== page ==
Council hears Arena Complex update, moves forward with new concept

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Spruce Grove looks to be heading in the direction of a civic centre for their newest arena.

Spruce Grove council received an update on the Arena Complex project that included a new Civic Centre concept, at a regular council meeting on April 26.

“We’re here tonight to present an update on the arena project and just to give members of council and the community a bit of an outline of our presentation tonight, we will talk a bit about our journey,” said Dean Screpnek, city manager for the City of Spruce Grove. “This has been something that has been in discussions with the community for quite some time.”

The presentation, shared between Screpnek and David Wolanski, general manager of the city’s community and protective services, detailed a summary of the work done since the project’s last presentation to council in July 2020. It highlighted some key learnings and observations, provided an overview of public engagement, and outlined several new assumptions including the new concept of a civic centre.

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Facility characteristics and element of additional community spaces that included several examples of similar facilities from across Canada were also included, along with capital cost and operating cost estimates.

In July 2020, council directed administration not to proceed with the concept of a significant event centre and trim it down from three to two options, which the city took to the public for feedback and public engagement last summer. The result of that public engagement took council and the city in a different direction.

“Since that time we’ve done quite a bit of work to refine and bring forward a different proposal and a different approach, primarily based on what we heard in the community consultation, as well as a way to try to address additional community needs, that we’ll demonstrate later in Mr. Wolanski’s presentation,” said Screpnek.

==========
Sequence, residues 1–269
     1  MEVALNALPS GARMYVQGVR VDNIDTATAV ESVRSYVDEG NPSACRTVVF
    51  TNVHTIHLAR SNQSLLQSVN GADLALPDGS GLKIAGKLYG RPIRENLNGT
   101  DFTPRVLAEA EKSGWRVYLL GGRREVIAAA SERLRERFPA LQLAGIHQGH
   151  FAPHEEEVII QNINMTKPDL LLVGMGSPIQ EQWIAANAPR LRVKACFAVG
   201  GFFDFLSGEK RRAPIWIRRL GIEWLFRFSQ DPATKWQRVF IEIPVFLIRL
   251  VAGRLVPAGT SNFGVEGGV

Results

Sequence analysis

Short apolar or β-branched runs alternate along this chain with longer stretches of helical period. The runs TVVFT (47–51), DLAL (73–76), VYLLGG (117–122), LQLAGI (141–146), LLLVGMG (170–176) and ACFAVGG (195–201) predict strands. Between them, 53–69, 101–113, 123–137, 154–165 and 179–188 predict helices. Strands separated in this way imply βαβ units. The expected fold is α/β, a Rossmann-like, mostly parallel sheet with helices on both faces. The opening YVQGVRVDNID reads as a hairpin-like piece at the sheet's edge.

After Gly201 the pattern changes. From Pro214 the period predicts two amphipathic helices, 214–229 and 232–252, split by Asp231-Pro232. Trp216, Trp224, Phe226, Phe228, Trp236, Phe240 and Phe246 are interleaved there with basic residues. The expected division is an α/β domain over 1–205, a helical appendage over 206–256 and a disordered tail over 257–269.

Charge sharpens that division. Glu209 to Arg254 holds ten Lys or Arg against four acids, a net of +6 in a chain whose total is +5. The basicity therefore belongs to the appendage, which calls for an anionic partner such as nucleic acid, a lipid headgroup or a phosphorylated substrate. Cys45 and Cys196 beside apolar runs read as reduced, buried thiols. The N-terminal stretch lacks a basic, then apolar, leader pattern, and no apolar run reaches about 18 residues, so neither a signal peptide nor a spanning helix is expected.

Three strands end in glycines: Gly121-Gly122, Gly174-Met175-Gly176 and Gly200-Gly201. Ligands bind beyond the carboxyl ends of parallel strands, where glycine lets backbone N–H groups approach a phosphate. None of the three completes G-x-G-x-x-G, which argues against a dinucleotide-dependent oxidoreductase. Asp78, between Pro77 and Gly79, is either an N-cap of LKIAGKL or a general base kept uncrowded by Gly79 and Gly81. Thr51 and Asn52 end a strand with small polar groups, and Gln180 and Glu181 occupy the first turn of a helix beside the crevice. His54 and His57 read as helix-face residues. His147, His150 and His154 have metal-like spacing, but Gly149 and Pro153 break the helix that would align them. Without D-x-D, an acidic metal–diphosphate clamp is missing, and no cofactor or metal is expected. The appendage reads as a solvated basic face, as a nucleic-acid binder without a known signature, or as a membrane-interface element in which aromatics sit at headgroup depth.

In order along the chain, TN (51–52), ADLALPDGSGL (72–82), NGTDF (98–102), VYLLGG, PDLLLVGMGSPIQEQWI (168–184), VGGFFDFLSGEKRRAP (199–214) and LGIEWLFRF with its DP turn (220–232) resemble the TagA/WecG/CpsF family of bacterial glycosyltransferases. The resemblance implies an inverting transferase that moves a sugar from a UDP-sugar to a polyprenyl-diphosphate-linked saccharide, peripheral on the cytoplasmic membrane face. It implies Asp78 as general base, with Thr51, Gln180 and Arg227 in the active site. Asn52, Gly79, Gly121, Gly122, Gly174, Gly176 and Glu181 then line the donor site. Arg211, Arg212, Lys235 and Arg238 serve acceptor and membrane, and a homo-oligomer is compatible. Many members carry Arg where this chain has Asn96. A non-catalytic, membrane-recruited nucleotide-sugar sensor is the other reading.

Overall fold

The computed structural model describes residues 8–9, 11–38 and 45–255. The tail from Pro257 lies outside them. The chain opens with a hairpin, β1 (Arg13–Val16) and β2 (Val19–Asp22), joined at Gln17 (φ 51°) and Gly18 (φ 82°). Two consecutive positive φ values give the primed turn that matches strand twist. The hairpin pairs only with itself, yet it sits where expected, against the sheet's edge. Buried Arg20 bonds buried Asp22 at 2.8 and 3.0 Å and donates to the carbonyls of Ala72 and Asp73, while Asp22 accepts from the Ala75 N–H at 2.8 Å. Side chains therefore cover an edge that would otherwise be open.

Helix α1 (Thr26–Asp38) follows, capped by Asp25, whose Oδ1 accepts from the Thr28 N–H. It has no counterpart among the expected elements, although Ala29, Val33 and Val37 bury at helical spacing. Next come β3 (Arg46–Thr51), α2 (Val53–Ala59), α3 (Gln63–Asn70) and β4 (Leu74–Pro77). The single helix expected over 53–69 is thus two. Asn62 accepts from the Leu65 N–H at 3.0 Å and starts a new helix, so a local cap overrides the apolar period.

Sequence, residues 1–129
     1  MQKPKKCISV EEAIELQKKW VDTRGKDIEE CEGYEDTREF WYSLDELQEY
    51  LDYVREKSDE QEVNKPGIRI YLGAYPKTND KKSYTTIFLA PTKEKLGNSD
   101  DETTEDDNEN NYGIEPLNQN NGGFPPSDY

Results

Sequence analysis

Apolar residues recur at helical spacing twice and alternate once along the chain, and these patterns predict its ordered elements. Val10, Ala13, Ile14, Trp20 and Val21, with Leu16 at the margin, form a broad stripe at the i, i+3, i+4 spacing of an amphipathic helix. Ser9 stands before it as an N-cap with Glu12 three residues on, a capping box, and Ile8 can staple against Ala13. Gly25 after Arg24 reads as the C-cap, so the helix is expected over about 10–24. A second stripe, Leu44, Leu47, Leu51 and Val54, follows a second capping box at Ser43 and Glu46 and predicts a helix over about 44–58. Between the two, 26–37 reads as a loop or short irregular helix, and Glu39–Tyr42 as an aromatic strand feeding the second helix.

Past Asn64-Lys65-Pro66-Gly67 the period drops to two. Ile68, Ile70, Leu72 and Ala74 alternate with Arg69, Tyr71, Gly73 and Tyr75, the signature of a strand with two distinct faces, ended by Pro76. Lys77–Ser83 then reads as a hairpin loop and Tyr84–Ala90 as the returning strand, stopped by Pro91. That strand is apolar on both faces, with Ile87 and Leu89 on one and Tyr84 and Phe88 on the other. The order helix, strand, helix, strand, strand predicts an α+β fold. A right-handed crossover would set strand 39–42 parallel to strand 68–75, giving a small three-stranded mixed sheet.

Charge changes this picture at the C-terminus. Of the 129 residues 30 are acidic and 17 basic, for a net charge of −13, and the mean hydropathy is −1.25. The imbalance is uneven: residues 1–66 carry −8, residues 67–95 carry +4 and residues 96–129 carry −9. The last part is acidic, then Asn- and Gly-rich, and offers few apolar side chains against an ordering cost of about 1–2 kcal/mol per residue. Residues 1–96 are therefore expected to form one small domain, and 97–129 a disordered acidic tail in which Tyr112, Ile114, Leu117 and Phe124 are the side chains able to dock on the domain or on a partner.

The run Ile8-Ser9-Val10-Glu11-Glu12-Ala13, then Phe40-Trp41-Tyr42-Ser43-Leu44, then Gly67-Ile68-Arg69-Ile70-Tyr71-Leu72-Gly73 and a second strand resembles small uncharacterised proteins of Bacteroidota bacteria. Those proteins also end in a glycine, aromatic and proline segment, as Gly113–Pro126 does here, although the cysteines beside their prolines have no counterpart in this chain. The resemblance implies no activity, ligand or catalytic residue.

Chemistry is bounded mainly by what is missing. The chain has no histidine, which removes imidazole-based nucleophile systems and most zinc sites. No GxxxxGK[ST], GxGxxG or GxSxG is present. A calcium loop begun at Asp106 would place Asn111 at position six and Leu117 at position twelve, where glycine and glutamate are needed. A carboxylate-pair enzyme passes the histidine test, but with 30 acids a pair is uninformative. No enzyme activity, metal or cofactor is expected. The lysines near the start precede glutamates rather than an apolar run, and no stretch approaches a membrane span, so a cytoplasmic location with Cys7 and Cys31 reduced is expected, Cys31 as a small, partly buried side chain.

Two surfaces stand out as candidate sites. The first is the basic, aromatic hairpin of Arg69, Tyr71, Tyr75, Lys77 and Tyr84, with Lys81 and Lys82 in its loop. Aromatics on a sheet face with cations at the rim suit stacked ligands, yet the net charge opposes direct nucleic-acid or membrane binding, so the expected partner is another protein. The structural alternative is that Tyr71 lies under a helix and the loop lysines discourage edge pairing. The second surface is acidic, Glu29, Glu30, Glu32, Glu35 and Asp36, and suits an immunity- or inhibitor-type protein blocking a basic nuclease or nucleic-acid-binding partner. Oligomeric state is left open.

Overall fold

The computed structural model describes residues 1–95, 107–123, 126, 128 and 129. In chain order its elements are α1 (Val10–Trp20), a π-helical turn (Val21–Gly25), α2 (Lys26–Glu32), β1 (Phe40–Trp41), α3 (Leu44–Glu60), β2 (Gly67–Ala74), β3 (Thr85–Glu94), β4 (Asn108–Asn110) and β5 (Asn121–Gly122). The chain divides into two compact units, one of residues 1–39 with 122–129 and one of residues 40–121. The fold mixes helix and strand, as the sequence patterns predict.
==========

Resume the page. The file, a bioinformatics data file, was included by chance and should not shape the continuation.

That new proposal and concept presented is a true Civic Centre with a variety of uses and amenities. They include two NHL sized rinks with one having a seating capacity of a minimum of 1700 seats, a concourse area with community walking track, about 25,000 square feet of community space including a Black Box Theatre or flex space, multi-purpose rooms, a library space, and an art gallery.

The proposed Civic Centre would address a number of identified needs in the Spruce Grove community, including ice shortages, a modern facility for elite hockey, a library space, and other arts and culture investments. Additionally, the ability to host larger scale community and sub-regional events would provide increased community exposure and economic benefits to the community at large.

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Since July 2020 some of the work that’s been done but not limited to, engaging with industry contacts who have similar facilities, engaging with construction and design professionals to gain further insight into current state and possible options, analyzing previous work considering both old and new assumptions, identifying more specific operating pro forma’s in relation to other similar facilities, the city’s experience and various assumptions, engaging more directly with partners and stakeholders, and more detailed long term capital planning.

Wolanski noted in his portion of the presentation other key learnings including pre-engineered construction option, a public engagement overview which included keeping costs low, addressing ice needs, doing more than basic (subject to costs) and addressing other community needs.

Updated capital cost estimates for both the arena and cultural spaces have been reduced from the original $70.5 million down to an average of just over $47 million. Wolanski also covered information regarding operating cost estimates, which have also been reduced in half (from July 2020 estimate) to $491,000 (net deficit) for the Civic Centre (arena portion only) and also notes several operating cost areas which have not been included or are to be determined. Associated actions (preliminary design and land assembly) to council’s decision Monday night, are provided for within existing 2021 approved budgets.